After all, low-fat didn’t become the ‘approved’ way of eating because the scientific evidence was incontrovertible. Science had virtually nothing to do with it. (Ironically as you’ve pointed out, there wasn’t a whole lot of data behind it anyway.) Somehow, the whole ‘low-fat/vegetarian/I-don’t-eat-red-meat thing became socially proper, sort of like not smoking. It was simply the ‘accepted’ thing. Gluttons and sloths ate lard; cool people ate tofu and skinlesstastelessleanchickenbreast, and ‘light’ entrees.
    At a dinner party, let someone casually comment that ‘I’m a vegetarian’ or ‘I haven’t eaten fat in nine years,’ or ‘I no longer eat red meat’, everyone will nod appreciatively. “Ooohh, you are so healthy, and I should be doing that, too.” (Even if they never will, of course.) It’s accepted, it’s socially cool to say such things.
    As you have pointed out, let any study hit the media proclaiming ‘fat is deadly’ or ‘vegetarians have better skin’ or similar and it will get nods of approval from everyone, no matter how shoddy the science. Let Ornish go on Oprah and, well gee, he makes so much sense, and I should be eating that way too. (No one actually does, of course. But it’s nice to say so.) Try to point out the benefits of beef-eating, well, you’re hopelessly clueless.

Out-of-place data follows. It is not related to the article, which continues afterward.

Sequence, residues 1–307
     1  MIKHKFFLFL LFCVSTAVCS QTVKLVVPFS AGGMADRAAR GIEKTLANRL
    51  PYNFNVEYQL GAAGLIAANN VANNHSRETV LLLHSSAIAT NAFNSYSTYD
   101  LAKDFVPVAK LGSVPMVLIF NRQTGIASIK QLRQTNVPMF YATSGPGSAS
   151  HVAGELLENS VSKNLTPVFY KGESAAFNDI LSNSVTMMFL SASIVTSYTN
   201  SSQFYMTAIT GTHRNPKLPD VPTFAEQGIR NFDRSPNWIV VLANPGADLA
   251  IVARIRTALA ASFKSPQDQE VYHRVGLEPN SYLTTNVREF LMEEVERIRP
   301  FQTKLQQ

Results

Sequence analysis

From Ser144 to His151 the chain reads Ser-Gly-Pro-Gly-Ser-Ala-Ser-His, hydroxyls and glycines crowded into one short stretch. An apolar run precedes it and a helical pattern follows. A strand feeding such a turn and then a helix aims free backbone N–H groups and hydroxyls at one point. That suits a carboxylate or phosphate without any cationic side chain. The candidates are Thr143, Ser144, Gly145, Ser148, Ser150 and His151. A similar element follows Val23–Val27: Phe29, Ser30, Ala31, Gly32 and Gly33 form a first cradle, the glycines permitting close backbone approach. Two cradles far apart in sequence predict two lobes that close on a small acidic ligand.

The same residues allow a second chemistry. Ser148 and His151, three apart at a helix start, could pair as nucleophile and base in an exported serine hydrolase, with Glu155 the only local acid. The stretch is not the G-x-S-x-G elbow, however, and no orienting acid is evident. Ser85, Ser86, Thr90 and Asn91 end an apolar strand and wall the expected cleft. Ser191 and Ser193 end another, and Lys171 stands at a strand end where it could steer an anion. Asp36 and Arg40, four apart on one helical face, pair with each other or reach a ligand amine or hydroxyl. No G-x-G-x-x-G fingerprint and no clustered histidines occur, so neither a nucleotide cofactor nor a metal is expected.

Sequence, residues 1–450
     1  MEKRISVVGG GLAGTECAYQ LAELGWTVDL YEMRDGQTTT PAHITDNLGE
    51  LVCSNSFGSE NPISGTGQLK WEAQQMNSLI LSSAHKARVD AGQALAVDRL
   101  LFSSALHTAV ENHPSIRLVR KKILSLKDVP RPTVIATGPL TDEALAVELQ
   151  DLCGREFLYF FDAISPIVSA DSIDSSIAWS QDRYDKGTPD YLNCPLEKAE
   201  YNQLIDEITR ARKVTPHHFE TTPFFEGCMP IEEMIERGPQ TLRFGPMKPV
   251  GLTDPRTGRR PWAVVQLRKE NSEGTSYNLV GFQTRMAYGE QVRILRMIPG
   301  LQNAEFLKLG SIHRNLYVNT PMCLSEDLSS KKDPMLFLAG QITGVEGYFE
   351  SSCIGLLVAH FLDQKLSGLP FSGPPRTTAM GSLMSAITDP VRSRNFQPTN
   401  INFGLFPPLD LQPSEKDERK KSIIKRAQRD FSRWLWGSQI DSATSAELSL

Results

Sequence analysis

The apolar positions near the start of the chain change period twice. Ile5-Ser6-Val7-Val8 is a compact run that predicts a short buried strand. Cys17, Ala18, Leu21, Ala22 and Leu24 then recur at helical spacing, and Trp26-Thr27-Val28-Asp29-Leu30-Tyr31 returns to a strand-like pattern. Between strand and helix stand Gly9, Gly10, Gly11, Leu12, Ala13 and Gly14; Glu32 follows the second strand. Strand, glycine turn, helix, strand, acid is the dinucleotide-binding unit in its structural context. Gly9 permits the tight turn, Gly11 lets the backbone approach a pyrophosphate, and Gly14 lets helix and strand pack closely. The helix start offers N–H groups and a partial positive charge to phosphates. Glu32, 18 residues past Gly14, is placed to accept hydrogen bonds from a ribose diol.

As a scientist at heart, I would like to think that a four-foot stack of published studies would be enough to change the common thinking. Except I’m beginning to think that science isn’t the thing.